3.2  Optimum Second Order Recurrence Formulas

 

3.2.1  Basic Assumptions

 

It was convenient in the treatment of first order simulation to employ a simple mnemonic subscripting scheme, using p and c to denote “past” and “current” values of the time dependent variables. However, when dealing with higher order response the basic recurrence formulas normally involve more than two time states, and it is expedient to adopt a more general notation. We will represent any time dependent variable q by an ordered sequence of discrete values

 

 

where each of these discrete values is understood to be the true value (or at least the best available estimate) of the variable q at the times

 

 

respectively. These values of time form an ordered sequence such that for all n

 

 

where Dt is defined as the execution period of the simulation. By convention, the subscript “i” denotes the “current value”, and variables subscripted with i-1, i-2, and so on are referred to as “past values”. The subscript n is used to denote the general term of the sequence.

 

For purposes of a simulation algorithm, it is assumed that all values of the input sequence xn are known up to and including the current value xi. It is also assumed that all values of the output sequence yn are known up to but not including the current value yi. The specific task of a second-order simulation is to compute yi given that the continuous variables x and y are related according to equation (3.1-1). For real-time simulations, we will assume that the time required for the computation is negligible relative to the sampling interval Dt.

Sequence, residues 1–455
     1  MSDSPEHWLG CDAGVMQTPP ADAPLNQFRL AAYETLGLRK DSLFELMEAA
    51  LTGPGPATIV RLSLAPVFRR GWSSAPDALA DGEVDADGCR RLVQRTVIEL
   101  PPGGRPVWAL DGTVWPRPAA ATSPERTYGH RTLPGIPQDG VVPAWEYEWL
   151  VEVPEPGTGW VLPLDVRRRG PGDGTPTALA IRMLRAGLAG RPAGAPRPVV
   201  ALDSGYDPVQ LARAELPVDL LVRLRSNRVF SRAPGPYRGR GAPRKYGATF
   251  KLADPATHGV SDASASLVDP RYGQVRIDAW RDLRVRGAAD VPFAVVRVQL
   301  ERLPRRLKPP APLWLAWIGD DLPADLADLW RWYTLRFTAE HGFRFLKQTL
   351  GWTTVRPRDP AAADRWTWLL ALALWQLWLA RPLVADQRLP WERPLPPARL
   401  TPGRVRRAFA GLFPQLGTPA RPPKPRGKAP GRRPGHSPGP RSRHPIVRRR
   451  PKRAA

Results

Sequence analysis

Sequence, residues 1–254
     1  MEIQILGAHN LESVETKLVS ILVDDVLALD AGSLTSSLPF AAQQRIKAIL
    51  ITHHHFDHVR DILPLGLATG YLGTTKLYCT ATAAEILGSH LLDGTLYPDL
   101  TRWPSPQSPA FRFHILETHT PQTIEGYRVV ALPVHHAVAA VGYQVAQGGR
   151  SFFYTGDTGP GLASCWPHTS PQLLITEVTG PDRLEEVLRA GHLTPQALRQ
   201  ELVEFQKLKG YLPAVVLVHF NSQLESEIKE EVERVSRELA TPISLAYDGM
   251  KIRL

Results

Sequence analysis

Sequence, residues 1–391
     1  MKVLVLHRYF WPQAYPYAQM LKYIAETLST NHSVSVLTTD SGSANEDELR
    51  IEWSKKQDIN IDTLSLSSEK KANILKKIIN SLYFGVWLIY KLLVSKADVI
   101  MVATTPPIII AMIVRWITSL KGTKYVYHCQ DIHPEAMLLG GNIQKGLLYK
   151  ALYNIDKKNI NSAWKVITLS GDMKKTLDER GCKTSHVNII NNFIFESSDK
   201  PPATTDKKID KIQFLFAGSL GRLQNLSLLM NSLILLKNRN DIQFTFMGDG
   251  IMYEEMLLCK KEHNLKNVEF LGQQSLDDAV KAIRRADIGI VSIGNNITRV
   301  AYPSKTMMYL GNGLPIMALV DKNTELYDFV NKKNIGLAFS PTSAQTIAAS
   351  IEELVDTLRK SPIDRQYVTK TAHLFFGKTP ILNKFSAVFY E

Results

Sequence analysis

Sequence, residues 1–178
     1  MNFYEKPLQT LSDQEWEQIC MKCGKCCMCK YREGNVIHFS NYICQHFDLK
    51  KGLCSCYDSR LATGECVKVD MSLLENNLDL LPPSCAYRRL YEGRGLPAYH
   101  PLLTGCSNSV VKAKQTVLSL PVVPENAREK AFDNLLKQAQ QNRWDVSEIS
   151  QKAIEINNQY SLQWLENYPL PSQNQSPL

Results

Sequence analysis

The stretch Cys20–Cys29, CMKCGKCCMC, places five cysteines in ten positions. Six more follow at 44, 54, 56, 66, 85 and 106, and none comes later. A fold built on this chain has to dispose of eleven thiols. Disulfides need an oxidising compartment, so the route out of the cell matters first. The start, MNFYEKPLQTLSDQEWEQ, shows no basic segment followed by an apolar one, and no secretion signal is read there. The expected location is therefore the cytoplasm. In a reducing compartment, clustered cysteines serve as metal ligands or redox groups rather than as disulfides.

Even though all past values of x and y are theoretically known, a practical algorithm will retain only a limited number of them. To determine how many past values are necessary, we note that equation (3.1-1) includes the second derivative of x, and that a minimum of three values are required to provide an estimate of the second derivative of a function. Therefore, in addition to xi, the algorithm must have access to the past values xi-1 and xi-2. Equation (3.1-1) also includes the second derivative of y, so we anticipate that two conditions on y must be specified to determine the solution. For this purpose we will use the past values yi-1 and yi-2.

 

The solution of equation (3.1-1) requires a continuous definition of x(t), so the algorithm must interpolate between the three available discrete values. However, unlike the first-order case, the optimum interpolation here is not obvious. Since three points can only provide a single estimate of the second derivative, it might seem reasonable to assume a function x(t) with a single, constant, second derivative during the double interval from xi-2 to xi. This would imply that x(t) can be represented by a second-degree polynomial passing through the three given values of x.